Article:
Regional Reviews: San Francisco/North Bay
The Travelers tells the story of a group of Carthusian monks living in a rundown charter house in Grangeville, California, a very small (population 469) town south of Fresno. The monks–Brother Brian, Brother Daniel, Brother Nancho, Brother Yiyo, and Brother Ogie–are already living a life on the edge, short on food, with the archdiocese threatening to cut off what little funding they receive from the Mother Church, when their rustic life is interrupted by the entrance of Juan (Juan Amador), who comes stumbling in, bleeding from a chest wound, and collapses in the courtyard. (The effective set, by Tanya Orellana is a collection of piles of earth studded with candles, plus a clawfoot bathtub, toilet, and a projection surface that runs the width of the stage, displaying a variety of imagery over the course of the play. At walk-in, the image is of a desolate and desiccated ranch property, reinforcing the poverty of this tiny group of monks.)
After some discussion of who this man might be and how he came to be lying, perhaps dead, in their courtyard–is he Mexican? Salvadoran? "Let's just agree he's not Jesus," Brother Nancho offers–they agree to take him in and care for him. Yet, just as the archdiocese seems to offer little to this cadre of monks, the brothers offer nothing in terms of actual care to Juan. They consider dumping him at the local hospital ("like the killers do"), but they do not dress his wounds, take him to a bed, or even pray over him. Despite Brother Brian's insistence that "we minister to those in need" ("But not in an Urgent Care kind of way," Brother Yiyo reminds him), they continue to argue over what to do when Juan suddenly gasps and comes to consciousness.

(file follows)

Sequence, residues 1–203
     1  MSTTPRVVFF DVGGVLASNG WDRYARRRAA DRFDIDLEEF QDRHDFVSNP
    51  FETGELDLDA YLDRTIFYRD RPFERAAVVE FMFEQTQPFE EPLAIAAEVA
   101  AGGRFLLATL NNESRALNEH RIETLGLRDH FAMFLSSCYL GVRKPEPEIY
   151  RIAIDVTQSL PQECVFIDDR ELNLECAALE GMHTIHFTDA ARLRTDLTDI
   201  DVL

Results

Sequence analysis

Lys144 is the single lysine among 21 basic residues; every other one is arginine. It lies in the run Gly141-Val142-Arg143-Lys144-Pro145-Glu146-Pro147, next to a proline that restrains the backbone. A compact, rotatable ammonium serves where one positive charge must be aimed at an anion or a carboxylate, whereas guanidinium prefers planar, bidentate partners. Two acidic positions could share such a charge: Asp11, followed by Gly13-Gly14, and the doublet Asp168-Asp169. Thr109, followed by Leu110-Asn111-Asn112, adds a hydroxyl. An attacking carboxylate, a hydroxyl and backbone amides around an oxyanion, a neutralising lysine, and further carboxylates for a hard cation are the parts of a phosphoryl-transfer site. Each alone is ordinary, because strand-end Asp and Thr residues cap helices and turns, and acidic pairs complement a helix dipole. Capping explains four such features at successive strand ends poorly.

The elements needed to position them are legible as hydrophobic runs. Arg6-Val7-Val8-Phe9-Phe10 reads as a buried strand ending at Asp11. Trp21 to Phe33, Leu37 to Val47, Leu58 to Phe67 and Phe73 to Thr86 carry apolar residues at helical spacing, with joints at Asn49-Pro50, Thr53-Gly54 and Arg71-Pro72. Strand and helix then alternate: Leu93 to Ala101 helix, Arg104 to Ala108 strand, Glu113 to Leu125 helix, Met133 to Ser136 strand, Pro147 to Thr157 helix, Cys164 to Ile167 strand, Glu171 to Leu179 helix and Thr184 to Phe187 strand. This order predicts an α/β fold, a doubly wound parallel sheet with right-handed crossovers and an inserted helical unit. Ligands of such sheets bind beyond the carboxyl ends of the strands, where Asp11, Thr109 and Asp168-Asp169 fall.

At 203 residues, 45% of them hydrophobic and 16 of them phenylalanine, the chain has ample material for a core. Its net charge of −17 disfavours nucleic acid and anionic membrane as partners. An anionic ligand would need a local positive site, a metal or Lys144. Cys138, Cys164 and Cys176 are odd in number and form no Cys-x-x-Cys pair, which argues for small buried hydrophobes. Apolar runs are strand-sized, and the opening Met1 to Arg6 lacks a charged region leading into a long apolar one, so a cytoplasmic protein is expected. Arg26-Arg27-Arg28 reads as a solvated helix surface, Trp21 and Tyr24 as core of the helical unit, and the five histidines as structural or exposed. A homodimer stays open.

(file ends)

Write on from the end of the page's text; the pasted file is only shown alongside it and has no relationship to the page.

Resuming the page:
From this point, Juan (played with a somewhat frenetic, wide-eyed wonder by Juan Amador), reluctantly and in halting stages, becomes part of the order. The other monks outfit him with a cassock and rosary, and slowly Juan becomes part of this odd family of men making their way apart from the chaotic, noisy, secular world outside their compound. Yet life inside the monastery can be rather chaotic, as well: Brother Ogie (Ogie Zulueta) lives in the bathtub; Brother Nancho (Kinan Valdez) often acts more like a streetwise playa than a man who has taken vows of poverty and chastity; and Brother Yiyo (Guillermo "Yiyo" Ornelas) spins through scenes with the nervous, twitching energy of a field mouse constantly scanning its environment for the next deadly threat. Brother Daniel (Daniel Duque-Estrada) was previously a clown and circus master who lost everything after being sued by Cirque du Soleil for copyright infringement: "French-Canadians," he says "are very terrible greedy people."
Brian Rivera, who was brilliant in last year's The Great Khan at San Francisco Playhouse, plays a similar sort of authority figure here. Brother Brian seems to have the only contact with the outside world, and orders his minions about with a pope's sense of infallibility.
The themes at play here–abandonment, retreat, powerlessness–weave in and out of Alfaro's text so smoothly that you never see the seams, and the play becomes like a silken scarf that warms yet also threatens to choke. The Travelers is a show one must surrender to: caught in the rapids of its swift-flowing dialogue, all you can do is point yourself downstream and wait for the churning waters to bring you to a calm stretch of river and find your way to shore.
The Travelers runs through March 5, 2023, at Magic Theatre at Fort Mason, Two Marina Boulevard, Building D, 3rd Floor, San Francisco CA. Performances are Wednesdays-Saturdays at 8:00 p.m. and Sundays at 3:00 p.m. Tickets range from $20-$70. For tickets and information, please visit MagicTheatre.org, call 415-441-8822, or visit the box office, which is open Monday-Friday from 10:00 a.m. to 5:00 p.m., and on Saturday one hour prior to curtain.